The Email that Hacks You

Update: Seems to be working on TP-Link Routers as well (tested on TL-WR841N).
Update2: Arcor EasyBox A600 also seems vulnerable.

Opening a legitimate looking email on an iPhone, iPad or Mac while using an Asus router with a default or guessable password could compromise the security of your internal network. I conducted tests on two Asus routers -  Asus RT-N16 and Asus RT-N56U - and the attack was successful. It is possible that other routers could be affected, including those not manufactured by Asus.

I've prepared a short video that demonstrates the problem. In this demonstration, the victim receives an email - when the email is opened, the internal network is compromised (The DNS servers used by the router were changed to an IP address controlled by the attacker).

Technical Details

I got the idea for these tests after I noticed that Apple devices load remote images in emails by default. This can cause privacy issues and it is not a recommended practice. A malicious user can send you an email with an embedded 1x1 pixel image with the background colour of your email client, so it is not visible. The email client will load this image from a remote server and by doing so, it discloses your IP address and email client banner, and possible your identity. In some situations, such behaviour can have catastrophic consequences.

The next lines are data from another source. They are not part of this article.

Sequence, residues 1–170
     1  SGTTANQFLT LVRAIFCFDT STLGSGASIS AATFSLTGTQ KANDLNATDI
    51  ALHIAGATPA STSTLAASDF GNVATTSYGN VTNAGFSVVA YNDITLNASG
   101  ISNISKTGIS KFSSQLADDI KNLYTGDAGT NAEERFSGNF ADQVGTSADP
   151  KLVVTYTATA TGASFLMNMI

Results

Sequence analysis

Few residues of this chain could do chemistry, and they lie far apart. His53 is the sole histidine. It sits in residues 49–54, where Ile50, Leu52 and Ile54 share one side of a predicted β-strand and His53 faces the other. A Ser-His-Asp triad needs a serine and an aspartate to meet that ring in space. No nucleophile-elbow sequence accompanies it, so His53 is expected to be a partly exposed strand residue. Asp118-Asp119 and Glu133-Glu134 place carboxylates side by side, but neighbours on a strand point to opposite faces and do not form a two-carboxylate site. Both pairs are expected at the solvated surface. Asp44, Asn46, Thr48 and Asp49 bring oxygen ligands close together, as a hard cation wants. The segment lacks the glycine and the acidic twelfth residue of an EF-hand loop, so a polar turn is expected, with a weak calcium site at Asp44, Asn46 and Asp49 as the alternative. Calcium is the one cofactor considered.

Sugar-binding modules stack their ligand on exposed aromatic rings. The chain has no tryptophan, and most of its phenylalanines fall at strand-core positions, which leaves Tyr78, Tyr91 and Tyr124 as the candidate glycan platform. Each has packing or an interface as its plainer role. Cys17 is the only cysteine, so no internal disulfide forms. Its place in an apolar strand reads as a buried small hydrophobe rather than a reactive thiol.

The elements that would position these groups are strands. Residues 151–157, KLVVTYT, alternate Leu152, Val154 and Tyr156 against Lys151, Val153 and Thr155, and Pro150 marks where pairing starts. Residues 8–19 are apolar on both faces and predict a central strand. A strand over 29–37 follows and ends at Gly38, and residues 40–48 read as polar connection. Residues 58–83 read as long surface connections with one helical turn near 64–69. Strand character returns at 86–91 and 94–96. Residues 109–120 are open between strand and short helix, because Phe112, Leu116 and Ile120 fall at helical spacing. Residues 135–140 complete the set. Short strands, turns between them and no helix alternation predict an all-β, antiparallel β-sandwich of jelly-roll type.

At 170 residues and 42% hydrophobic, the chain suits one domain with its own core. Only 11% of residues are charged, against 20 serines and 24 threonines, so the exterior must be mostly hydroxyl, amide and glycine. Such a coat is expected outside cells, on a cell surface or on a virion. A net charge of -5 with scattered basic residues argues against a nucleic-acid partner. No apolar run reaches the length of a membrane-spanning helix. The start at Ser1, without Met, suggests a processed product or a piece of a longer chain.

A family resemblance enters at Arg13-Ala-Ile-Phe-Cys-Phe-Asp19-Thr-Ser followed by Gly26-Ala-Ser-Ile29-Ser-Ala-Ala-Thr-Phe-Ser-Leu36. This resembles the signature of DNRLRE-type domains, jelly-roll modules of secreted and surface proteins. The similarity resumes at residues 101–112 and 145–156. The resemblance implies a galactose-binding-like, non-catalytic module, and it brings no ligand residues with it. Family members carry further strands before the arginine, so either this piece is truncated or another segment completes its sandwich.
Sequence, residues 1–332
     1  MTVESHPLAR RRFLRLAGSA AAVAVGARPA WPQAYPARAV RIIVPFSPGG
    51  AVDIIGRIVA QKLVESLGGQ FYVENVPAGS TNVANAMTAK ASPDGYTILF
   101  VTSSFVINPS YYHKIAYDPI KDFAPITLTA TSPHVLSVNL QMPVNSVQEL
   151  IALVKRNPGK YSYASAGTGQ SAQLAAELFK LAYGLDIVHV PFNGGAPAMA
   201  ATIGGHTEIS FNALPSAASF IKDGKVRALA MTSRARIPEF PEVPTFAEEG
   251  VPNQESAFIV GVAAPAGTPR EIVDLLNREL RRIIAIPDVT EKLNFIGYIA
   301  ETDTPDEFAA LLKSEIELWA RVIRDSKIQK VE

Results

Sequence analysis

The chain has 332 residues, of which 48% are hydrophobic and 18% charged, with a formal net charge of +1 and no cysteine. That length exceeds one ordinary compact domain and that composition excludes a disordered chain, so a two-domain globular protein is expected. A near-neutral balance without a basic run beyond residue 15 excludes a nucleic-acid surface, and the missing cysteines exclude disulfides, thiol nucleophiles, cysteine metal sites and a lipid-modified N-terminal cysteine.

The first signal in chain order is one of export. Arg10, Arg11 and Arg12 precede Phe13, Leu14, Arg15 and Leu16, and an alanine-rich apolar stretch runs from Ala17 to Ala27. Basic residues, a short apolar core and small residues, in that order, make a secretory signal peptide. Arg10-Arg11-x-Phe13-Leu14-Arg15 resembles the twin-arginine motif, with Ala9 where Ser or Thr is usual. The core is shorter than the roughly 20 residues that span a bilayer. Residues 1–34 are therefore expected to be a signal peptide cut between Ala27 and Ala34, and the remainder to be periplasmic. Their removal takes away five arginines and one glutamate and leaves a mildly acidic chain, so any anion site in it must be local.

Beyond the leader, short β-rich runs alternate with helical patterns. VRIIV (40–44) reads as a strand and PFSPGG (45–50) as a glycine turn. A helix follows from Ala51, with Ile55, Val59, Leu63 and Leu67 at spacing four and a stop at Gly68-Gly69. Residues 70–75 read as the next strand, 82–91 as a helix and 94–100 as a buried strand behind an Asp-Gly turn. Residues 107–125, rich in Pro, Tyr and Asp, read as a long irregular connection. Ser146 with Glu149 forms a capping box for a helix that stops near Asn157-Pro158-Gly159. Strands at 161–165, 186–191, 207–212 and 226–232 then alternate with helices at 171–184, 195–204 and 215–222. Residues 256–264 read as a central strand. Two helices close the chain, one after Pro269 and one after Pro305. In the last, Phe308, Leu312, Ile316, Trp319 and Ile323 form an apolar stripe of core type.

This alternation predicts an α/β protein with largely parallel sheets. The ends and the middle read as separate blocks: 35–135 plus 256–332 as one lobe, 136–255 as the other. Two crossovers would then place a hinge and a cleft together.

Since Apple devices are loading remote images by default, my first idea was to try to attack the home router. At home I am using the ASUS RT-N16 router.

The router, like many other routers, is using basic authentication to restrict access to the administrative interface. Once you've entered the administrative interface, you can send a POST request to apply changes to the configuration.

Unfortunately many people do not change the default router password because they do not even know about it, or simply do not care. It never crosses their mind that a malicious user can gain access to that interface. Even those who change the password often use a weak password.